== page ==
1. Poty S, Francesconi LC, McDevitt MR, et al. Alpha-emitters for radiotherapy: from basic radiochemistry to clinical studies-Part 1. J Nucl Med. 2018;59(6):878–884.

2. Zalutsky MR, Vaidyanathan G. Astatine-211-labeled radiotherapeutics: an emerging approach to targeted alpha-particle radiotherapy. Curr Pharm Des. 2000;6(14):1433–1455.

3. Poty S, Francesconi LC, McDevitt MR, et al. Alpha-emitters for radiotherapy: from basic radiochemistry to clinical studies-Part 2. J Nucl Med. 2018;59(7):1020–1027.

4. Meyer GJ. Astatine. J Labelled Comp Radiopharm. 2018;61(3):154–164.

5. Zalutsky MR, Reardon DA, Akabani G, et al. Clinical experience with alpha-particle emitting 211At: treatment of recurrent brain tumor patients with 211At-labeled chimeric antitenascin monoclonal antibody 81C6. J Nucl Med. 2008;49(1):30–38.

6. Teze D, Sergentu DC, Kalichuk V, et al. Targeted radionuclide therapy with astatine-211: oxidative dehalogenation of astatobenzoate conjugates. Sci Rep. 2017;7(1):2579.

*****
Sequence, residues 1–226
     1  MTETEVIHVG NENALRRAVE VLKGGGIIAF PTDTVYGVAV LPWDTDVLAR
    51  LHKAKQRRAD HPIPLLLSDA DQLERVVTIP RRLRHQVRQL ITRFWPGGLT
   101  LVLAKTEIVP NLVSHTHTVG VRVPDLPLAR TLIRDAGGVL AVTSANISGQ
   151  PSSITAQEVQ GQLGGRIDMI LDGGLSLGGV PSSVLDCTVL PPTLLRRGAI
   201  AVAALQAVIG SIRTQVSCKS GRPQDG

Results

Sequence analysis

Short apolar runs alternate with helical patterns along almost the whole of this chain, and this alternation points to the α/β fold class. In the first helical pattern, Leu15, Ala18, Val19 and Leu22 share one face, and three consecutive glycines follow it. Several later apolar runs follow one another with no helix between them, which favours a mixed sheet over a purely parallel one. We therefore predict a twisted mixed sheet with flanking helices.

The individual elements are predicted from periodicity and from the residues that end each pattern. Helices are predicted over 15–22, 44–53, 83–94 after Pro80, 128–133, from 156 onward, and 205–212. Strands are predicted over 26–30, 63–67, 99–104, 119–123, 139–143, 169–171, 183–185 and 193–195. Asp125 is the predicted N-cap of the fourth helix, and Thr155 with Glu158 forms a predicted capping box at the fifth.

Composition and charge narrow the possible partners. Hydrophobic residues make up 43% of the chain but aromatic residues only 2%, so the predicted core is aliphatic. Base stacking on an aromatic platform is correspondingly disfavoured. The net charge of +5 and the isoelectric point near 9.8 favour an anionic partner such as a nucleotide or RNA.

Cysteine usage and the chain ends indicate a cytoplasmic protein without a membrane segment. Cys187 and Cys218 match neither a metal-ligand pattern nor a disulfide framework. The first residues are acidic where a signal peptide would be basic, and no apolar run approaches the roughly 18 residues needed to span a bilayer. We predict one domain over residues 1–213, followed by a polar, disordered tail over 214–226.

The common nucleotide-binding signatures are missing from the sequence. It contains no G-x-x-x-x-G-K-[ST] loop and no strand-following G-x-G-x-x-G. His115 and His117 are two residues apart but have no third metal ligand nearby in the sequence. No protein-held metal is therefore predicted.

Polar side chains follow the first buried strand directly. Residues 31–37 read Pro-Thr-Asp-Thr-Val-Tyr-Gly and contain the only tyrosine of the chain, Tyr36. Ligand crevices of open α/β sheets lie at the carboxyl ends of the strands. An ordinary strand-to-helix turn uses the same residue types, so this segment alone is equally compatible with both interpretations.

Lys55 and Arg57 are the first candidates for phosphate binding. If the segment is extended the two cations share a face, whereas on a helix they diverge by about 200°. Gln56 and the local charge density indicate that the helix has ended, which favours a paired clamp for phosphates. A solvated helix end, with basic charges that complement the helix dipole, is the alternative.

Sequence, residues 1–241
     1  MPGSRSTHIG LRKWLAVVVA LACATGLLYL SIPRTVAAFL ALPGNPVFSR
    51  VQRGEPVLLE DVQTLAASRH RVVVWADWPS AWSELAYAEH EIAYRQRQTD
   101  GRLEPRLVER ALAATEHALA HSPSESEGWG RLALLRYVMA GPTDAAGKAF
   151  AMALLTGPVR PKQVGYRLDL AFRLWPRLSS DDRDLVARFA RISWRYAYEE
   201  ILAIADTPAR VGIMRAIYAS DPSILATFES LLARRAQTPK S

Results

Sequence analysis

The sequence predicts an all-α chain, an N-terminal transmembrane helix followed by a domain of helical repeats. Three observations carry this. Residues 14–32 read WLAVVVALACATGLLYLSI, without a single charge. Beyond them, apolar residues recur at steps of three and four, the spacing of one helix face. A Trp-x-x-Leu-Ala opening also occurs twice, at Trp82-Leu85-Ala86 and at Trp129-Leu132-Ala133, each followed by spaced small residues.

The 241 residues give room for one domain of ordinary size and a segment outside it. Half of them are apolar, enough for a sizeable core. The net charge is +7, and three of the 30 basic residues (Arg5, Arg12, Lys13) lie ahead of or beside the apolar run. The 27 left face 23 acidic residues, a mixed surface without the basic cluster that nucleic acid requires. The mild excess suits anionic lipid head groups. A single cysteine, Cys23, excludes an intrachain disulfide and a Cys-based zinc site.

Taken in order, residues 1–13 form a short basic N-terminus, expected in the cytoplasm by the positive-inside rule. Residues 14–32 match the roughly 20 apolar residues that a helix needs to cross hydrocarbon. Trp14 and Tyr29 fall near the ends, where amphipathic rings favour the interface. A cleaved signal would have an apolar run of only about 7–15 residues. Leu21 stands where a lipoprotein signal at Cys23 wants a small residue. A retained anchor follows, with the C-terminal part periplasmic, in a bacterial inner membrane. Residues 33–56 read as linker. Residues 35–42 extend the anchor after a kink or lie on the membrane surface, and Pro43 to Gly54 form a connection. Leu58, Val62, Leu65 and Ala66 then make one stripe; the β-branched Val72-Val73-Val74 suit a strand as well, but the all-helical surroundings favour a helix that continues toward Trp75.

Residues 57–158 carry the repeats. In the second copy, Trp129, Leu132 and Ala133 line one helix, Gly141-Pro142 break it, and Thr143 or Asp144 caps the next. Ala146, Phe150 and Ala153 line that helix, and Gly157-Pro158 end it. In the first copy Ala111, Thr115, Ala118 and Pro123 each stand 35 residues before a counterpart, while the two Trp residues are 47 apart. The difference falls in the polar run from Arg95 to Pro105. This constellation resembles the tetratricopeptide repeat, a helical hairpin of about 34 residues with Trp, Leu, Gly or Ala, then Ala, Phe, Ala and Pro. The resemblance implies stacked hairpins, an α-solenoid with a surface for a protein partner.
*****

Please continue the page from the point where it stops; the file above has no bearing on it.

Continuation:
7. Choi J, Vaidyanathan G, Koumarianou E, et al. Astatine-211 labeled anti-HER2 5F7 single domain antibody fragment conjugates: radiolabeling and preliminary evaluation. Nucl Med Biol. 2018;56:10–20.

8. Yuan H, Khoury CG, Hwang H, et al. Gold nanostars: surfactant-free synthesis, 3D modelling, and two-photon photoluminescence imaging. Nanotechnology. 2012;23(7):075102.

9. Liu Y, Carpenter AB, Pirozzi CJ, et al. Non-invasive sensitive brain tumor detection using dual-modality bioimaging nanoprobe. Nanotechnology. 2019;30(27):275101.

10. Maeda H. Tumor-selective delivery of macromolecular drugs via the EPR effect: background and future prospects. Bioconj Chem. 2010;21:797–802.

11. Maeda H. The enhanced permeability and retention (EPR) effect in tumor vasculature: the key role of tumor-selective macromolecular drug targeting. Advan Enzyme Regul. 2001;41:189–207.

12. Ostrom QT, Gittleman H, Fulop J, et al. CBTRUS statistical report: primary brain and central nervous system tumors diagnosed in the United States in 2008-2012. Neuro Oncol. 2015;17(Suppl4):iv1–iv62.

13. Davis ME. Glioblastoma: overview of disease and treatment. Clin J Oncol Nurs. 2016;20(5 Suppl):S2–8.